Daniel Lin

Screen Shot 2016-02-04 at 1.56.02 PM[columns] [column size=”1/3″]Problem solving. It’s a term frequently associated with programmers. So when junior Mahesh Murag, an avid coder, saw how tedious it was to calculate grades manually, he wondered how he could solve the problem.

InTheLoop, a Google Chrome extension, is the solution to Murag’s problem. With his partner junior Akhil Palla, Murag built the extension to supplement the typical School Loop interface with a variety of featuresScreen Shot 2016-02-04 at 2.02.05 PM, from the ability to mimic the addition scores to the function to customize the background of the interface. Since its release in December, InTheLoop has gained approximately 1,600 users.

Despite their success, the two have met obstacles along the way. In a world where internet privacy is of great concern, many have questioned the confidentiality of their data.

“We understand that privacy is important so we don’t save anything,” Palla said.

Overall, both Murag and Palla found building the application very rewarding.

“Seeing the response I got actually reminded me why I make apps in the first place,” Murag said, “and why I spend this many hours.”[/column] [column size=”1/3″]Robotics requires a comprehensive knowledge of opposing teams, intricate inventory tracking and diagnostics. However, collecting such data can be a challenge.
Screen Shot 2016-02-04 at 2.03.33 PMJunior Aditya Kalari has developed a range of applications to aid these processes, one of which is the Android app MVRT Scout, which allows team members to record stats of opposing teams.

“Instead of looking at long spreadsheets of data that we had to manually update,” Kalari said, “we can look at charts and their performance over time.”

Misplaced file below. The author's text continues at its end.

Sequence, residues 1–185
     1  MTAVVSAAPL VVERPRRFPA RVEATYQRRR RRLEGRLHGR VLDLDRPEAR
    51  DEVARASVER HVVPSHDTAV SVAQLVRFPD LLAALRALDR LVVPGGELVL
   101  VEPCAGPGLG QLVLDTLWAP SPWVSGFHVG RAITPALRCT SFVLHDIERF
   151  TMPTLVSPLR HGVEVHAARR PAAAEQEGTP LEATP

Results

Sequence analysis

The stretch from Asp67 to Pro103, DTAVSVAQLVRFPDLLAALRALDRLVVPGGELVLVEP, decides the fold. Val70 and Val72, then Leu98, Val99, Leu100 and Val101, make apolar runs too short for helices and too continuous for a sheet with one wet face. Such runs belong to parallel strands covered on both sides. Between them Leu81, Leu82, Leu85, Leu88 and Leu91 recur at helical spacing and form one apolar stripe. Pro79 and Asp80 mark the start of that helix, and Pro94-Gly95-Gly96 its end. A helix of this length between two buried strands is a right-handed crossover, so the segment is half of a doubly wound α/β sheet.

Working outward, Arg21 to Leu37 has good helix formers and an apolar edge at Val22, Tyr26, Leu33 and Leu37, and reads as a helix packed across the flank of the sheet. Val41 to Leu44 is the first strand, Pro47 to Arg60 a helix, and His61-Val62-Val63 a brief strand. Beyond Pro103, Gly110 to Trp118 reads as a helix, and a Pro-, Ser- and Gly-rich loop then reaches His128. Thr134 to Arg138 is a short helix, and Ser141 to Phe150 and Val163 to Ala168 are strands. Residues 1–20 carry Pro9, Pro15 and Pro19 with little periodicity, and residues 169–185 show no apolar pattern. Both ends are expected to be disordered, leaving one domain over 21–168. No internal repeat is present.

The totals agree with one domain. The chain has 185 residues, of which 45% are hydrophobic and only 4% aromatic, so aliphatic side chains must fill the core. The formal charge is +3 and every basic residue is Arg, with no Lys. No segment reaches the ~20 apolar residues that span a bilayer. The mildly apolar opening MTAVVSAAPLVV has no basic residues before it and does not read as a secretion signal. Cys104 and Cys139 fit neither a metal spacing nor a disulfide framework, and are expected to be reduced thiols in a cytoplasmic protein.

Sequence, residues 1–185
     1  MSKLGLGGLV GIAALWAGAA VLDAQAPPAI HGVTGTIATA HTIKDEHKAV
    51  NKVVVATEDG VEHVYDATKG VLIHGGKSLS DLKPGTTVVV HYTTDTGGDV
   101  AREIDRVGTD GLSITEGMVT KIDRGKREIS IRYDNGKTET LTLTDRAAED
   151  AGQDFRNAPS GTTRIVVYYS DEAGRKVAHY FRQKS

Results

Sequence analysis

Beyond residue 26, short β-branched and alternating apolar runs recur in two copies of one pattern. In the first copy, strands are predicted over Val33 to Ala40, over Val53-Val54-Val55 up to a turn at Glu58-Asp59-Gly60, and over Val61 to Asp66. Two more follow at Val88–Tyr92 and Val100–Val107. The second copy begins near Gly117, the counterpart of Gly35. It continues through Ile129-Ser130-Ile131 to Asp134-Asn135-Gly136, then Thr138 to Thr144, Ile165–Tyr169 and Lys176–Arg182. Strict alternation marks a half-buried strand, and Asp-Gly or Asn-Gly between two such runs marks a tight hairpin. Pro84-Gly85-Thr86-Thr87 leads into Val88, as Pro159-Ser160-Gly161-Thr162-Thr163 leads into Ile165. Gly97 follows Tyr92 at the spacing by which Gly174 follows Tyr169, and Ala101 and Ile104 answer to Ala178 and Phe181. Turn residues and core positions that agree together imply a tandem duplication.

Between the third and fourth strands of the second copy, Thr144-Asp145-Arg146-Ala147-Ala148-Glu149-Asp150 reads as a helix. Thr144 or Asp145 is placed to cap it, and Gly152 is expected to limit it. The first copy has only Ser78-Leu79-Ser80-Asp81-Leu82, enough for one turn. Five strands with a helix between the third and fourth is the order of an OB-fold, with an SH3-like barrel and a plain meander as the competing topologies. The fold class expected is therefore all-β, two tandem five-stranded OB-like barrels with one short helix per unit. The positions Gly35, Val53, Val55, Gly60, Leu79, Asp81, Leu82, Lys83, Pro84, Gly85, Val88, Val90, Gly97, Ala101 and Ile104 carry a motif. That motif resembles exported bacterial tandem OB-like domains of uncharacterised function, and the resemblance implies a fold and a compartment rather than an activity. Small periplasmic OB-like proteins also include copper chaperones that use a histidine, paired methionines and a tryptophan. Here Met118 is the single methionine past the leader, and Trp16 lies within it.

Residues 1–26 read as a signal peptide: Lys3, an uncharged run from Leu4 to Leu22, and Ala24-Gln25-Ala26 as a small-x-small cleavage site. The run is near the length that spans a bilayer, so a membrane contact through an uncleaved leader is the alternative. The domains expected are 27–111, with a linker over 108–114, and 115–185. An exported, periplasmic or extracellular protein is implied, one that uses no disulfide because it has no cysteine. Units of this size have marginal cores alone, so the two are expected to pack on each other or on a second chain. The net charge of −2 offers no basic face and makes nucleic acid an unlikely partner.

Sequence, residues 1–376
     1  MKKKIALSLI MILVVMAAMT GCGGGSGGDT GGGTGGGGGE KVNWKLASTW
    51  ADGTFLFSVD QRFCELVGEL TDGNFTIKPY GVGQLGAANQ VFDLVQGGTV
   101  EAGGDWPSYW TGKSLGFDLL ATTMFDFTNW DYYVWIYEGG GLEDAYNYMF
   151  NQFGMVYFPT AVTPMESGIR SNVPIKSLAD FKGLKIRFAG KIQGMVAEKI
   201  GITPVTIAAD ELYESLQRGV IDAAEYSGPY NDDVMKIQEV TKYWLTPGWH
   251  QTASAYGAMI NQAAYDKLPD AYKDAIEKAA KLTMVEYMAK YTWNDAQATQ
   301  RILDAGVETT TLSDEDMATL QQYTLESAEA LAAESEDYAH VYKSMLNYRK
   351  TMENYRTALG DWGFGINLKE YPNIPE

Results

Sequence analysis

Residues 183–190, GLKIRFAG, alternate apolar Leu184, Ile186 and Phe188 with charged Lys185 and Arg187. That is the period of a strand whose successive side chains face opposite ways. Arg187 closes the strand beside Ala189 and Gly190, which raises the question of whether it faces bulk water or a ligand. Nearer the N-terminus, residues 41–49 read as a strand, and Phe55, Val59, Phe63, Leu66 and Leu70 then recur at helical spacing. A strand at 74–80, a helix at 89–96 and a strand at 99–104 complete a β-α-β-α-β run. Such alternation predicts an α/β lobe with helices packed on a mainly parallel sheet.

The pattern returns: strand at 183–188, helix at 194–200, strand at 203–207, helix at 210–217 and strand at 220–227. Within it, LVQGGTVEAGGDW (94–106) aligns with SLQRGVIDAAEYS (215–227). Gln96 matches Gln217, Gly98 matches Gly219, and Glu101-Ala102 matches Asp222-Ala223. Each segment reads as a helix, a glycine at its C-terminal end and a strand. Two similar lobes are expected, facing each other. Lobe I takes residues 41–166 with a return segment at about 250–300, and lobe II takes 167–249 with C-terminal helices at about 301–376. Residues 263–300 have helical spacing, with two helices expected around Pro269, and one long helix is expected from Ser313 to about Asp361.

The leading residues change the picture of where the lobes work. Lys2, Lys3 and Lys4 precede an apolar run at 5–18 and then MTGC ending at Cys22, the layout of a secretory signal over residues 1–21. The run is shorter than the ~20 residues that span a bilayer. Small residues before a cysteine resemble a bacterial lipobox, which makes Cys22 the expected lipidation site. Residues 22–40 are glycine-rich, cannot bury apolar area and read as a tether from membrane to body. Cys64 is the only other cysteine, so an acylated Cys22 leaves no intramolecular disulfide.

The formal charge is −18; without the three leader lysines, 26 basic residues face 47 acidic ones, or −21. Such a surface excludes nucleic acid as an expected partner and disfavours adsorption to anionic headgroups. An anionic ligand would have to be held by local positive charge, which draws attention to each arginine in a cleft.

The application generates graphs which can show performance trends at a moment’s glance, as well as display the ranking of competing robotics teams. The application also relies heavily on Bluetooth connection, so not all team
members will have to depend on a WiFi connection when scouting.

On how he learned to program applications, Kalari said he did not come with prior knowledge, but learned by doing.

“No experience,” Kalari said, “you just come here and learn.”[/column] [column size=”1/3″]Senior Lee Mracek has been programming since the fourth grade. Today, Mracek is a senior enrolled in Middle College, a program for students to spend a year at De Anza Screen Shot 2016-02-05 at 1.26.31 PMCollege, but still tries to find time to code in his busy routine. The hassle to schedule classes at De Anza College inspired Mracek to build Jarvis Scheduler, a web application, with his friend Max Ovsiankin.

The Jarvis Scheduler allows students registered at De Anza College to search through a catalog and select classes they want to take. The program then processes the input and builds comprehensive schedules based on the requested classes.

A particular feature of the application is the ability to scrape data from and rank schedules. What used to be a tedious scheduling process can now be done in a matter of minutes with the Mracek’s web app.

“A lot of people in the same program I am in have used it,” Mracek said, “and have all said that it basically saved them literally hours.”[/column] [/columns]